to evaluate the Massachusetts model4 compared recidivism rates for all
youths released by the Massachusetts DYS in 1985 with those reported for
several other states (California, Florida, Pennsylvania, Utah, and Wisconsin)
and found the Massachusetts rates to be among the lowest. The 1985
Massachusetts release cohort also had lower recidivism rates than the groups
studied in the mid-1970s by Coates and colleagues. However, the signifi-
cance of these comparisons is obscured by systematic differences in the
characteristics of youths committed to these state programs and by varia-
tions in the reporting of juvenile police and court contacts.
of jurisdictions are expanding their use of in-
Trends in Juvenile
home tracking, day treatment, and family
Corrections Policy treatment programs first pioneered in
Twenty-five years after the Massachusetts Massachusetts.
experiment, the debate over the most effec-
Difficulties in Evaluation
tive method of dealing with chronic and seri-
ous juvenile offenders continues. Maryland Little is known about which correctional
recently attempted to copy some of the approaches are best suited to particular
Massachusetts reforms by closing one of two types of youths at least in part because there
state-run juvenile institutions, the Montrose have been only a limited number of careful
Training School, which at that time had a program evaluations. Although many judges
population of approximately 320 youths. A and correctional practitioners appear to
postrelease sample of youths who probably believe they can assess a program’s effective-
would have been sent to Montrose had it not ness by observing and talking with its partic-
been closed had higher recidivism rates than ipants, such anecdotal evaluation is often
groups who completed Montrose or were clearly wrong. A youth’s improved manners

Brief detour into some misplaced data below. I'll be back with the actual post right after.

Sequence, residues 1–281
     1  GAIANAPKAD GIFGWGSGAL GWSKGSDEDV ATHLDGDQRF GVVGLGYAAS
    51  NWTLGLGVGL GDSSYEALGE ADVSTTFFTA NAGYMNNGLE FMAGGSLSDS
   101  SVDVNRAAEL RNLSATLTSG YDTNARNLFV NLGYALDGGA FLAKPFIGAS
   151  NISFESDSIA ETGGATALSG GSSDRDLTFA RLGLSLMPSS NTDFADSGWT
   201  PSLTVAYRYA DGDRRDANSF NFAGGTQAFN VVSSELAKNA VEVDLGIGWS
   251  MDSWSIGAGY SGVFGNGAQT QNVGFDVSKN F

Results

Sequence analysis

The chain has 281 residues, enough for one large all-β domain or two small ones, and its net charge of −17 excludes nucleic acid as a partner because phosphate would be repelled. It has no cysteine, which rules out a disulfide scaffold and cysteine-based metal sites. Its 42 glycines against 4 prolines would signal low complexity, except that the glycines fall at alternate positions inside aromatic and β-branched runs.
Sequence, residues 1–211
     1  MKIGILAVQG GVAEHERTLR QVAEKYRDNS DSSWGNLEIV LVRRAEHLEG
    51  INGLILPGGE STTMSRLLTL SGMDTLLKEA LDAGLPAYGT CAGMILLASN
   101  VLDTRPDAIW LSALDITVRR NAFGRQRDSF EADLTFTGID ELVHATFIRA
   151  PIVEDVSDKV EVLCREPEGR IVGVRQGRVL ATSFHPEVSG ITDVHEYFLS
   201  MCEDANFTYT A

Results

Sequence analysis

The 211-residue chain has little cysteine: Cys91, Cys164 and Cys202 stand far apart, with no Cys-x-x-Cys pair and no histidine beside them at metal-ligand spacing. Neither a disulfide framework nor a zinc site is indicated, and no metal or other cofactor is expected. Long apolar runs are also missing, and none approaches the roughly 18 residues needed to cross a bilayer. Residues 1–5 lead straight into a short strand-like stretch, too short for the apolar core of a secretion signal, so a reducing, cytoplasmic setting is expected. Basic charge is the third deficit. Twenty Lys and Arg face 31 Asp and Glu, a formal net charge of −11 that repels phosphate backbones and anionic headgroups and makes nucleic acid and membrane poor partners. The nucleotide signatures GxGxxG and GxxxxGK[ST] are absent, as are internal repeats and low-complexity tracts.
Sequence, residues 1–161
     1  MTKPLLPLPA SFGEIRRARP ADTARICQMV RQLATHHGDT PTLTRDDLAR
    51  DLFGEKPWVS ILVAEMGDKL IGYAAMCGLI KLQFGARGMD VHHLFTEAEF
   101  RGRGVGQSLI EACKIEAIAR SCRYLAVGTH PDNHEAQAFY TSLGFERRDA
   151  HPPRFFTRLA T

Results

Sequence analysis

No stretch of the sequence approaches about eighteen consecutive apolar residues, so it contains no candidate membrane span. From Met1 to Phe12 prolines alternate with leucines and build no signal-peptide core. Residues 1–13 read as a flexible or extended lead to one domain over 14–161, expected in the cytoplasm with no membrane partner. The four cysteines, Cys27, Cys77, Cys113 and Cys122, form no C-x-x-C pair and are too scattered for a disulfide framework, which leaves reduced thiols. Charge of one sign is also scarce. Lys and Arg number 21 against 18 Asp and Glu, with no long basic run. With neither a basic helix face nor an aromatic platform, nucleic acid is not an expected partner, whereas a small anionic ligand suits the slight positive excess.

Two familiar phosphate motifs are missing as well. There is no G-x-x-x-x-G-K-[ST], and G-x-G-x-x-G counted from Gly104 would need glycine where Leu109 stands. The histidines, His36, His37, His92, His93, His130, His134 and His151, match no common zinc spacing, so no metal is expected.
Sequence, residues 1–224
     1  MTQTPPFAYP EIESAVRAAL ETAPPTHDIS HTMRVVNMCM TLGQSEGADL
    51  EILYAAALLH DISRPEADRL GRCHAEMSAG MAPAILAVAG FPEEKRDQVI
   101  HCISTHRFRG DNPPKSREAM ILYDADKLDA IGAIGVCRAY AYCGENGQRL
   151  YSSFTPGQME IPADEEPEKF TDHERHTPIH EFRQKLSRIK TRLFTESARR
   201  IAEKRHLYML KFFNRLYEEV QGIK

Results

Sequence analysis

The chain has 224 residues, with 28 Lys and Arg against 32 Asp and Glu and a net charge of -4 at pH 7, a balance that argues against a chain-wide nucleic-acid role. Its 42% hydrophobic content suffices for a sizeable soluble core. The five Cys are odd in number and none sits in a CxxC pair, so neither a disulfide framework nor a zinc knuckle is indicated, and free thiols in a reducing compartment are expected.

there when it closed.5 While proponents and respectful demeanor may quickly disap-
continue to urge other states to adopt pear when he returns to the influence of his
Massachusetts-type reforms, a number of old neighborhood. Moreover, the few youths
states, with California the most prominent who do come back to visit a program or the
example, continue to rely heavily on large juvenile court are probably not representa-
custodial institutions for handling their most tive of the typical participant.
seriously delinquent youths.
The effectiveness of any one particular
The most popular recent reform in the program is unknown unless it is evaluated.
handling of serious or chronically delin- At a minimum, follow-up recidivism data
quent youths is the increasing use of waiver (rearrest or self-reports) for an adequate
or transfer of juvenile cases to adult criminal sample of participants must be compared
court. Between 1988 and 1992, the number with those for an appropriate control group.
of juveniles waived to criminal courts Because the primary goal of juvenile correc-
increased by 68%, from 7,000 to 11,700.6 For tions is community safety, recidivism is used
less seriously delinquent youths, a number as the minimal measure. Other measures,
Responding to Juvenile Crime: Lessons Learned 77
such as subsequent attainment of a general ishments associated with a particular pattern
educational development (GED) certificate of behavior.
or employment, are used less frequently.
Many leading theorists now favor inte-
To be useful to policymakers and practi- grated or interactional models10 which com-
tioners outside the program, the results of bine the effects of strain, control, social
any program evaluation must include a com- learning, and other theories based on inher-